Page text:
main news story
CDC Report Finds Minorities Affected Much More in Meatpacking Outbreaks

July 08, 2020 7:34pm

A new report studying the impact of the coronavirus on workers at meat processing plants has found that 87-percent of people infected were racial or ethnic minorities, and that at least 86 workers have died.

The report released Tuesday by the U.S. Centers for Disease Control and Prevention examined more than 16-thousand COVID-19 cases at 239 plants in 21 states. It offers perspective on how the virus devastated U.S. pork, beef and poultry processing plants, but the figures likely understate the problem as Iowa officials declined to participate in the study.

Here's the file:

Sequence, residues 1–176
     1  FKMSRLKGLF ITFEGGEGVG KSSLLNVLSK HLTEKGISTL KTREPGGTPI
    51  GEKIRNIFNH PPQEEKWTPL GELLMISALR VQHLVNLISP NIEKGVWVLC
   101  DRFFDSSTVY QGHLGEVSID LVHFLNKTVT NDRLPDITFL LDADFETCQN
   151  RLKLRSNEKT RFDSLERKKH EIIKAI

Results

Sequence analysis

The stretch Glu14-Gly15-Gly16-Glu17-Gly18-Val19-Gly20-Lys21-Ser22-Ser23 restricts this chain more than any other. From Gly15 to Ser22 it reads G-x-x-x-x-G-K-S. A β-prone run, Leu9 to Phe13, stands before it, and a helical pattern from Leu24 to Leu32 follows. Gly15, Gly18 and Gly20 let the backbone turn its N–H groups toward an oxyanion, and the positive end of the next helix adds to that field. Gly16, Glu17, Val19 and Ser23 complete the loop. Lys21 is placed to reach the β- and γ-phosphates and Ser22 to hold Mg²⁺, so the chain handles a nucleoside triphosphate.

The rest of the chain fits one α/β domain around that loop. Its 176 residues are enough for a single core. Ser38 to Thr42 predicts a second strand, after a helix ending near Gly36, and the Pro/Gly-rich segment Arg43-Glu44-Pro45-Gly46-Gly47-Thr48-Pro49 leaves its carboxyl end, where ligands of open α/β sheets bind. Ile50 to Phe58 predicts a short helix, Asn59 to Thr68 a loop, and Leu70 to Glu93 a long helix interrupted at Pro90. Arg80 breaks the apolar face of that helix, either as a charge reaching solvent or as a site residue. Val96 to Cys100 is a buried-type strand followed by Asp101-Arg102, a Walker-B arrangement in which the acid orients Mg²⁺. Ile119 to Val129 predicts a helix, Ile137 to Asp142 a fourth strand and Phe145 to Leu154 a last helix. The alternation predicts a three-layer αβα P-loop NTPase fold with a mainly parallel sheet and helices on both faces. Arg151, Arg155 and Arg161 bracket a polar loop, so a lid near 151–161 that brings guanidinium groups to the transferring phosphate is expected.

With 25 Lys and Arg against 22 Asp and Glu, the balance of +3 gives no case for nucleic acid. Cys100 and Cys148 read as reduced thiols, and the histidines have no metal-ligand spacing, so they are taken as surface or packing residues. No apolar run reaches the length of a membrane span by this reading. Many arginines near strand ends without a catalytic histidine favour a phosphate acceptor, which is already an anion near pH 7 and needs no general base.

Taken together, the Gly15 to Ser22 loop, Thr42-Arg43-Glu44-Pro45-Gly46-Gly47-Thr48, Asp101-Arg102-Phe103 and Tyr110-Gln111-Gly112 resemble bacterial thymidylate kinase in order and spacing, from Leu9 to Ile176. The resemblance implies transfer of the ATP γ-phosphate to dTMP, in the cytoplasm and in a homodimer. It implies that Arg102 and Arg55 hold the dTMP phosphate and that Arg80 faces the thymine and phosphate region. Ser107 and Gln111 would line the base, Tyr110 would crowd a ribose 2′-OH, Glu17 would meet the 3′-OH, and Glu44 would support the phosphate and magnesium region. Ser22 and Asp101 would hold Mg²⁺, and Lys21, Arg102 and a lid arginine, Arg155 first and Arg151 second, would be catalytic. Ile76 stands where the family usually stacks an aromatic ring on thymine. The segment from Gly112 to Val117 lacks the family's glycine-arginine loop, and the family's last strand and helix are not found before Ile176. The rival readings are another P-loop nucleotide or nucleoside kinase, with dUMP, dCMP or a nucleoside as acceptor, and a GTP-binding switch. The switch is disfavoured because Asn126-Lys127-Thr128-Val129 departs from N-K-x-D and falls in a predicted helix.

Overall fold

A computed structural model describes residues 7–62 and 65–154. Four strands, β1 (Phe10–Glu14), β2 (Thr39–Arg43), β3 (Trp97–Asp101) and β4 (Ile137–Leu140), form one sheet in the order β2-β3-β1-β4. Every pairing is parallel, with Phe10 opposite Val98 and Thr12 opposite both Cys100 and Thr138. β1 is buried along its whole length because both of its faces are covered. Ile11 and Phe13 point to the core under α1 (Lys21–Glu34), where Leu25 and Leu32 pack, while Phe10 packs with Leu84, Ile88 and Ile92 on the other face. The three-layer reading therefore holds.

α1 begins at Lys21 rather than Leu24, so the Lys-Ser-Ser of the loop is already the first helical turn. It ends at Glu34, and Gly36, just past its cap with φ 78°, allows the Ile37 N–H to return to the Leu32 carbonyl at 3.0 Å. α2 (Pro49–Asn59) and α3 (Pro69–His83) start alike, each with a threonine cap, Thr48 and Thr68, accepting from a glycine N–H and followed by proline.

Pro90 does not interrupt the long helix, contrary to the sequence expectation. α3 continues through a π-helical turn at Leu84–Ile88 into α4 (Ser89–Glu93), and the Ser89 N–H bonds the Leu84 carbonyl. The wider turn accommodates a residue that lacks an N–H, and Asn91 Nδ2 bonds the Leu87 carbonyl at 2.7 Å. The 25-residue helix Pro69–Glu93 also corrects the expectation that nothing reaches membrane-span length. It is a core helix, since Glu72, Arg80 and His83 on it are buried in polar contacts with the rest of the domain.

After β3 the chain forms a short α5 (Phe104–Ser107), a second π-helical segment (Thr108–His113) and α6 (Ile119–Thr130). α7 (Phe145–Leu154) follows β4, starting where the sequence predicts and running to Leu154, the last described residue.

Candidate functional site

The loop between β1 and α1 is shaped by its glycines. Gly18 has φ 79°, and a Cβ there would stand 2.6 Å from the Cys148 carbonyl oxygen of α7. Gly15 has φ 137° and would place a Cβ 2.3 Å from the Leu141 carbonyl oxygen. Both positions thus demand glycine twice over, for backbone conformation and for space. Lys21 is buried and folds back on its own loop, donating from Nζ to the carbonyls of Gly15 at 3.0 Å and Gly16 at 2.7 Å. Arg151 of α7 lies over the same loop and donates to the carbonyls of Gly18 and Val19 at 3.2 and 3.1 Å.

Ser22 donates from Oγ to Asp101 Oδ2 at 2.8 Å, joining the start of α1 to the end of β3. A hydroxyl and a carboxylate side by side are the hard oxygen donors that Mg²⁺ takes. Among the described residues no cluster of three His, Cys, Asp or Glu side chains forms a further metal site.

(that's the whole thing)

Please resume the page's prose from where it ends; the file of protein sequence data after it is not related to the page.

Iowa is the nation’s largest pork-producing state, and saw severe coronavirus outbreaks at several huge processing plants. In early June, Tyson Foods confirmed an outbreak at their pork processing plant in Storm Lake, as nearly 600 employees tested positive.

The CDC report found 87-percent of coronavirus cases occurred among racial and ethnic minorities, even though they made up 61-percent of the overall worker population.

The data shows 56-percent of coronavirus illnesses involved Hispanic workers, 19-percent were non-Hispanic Blacks, and 12-percent were Asians. The data shows 13-percent of coronavirus cases involved white workers, who made up 39-percent of the overall workforce studied.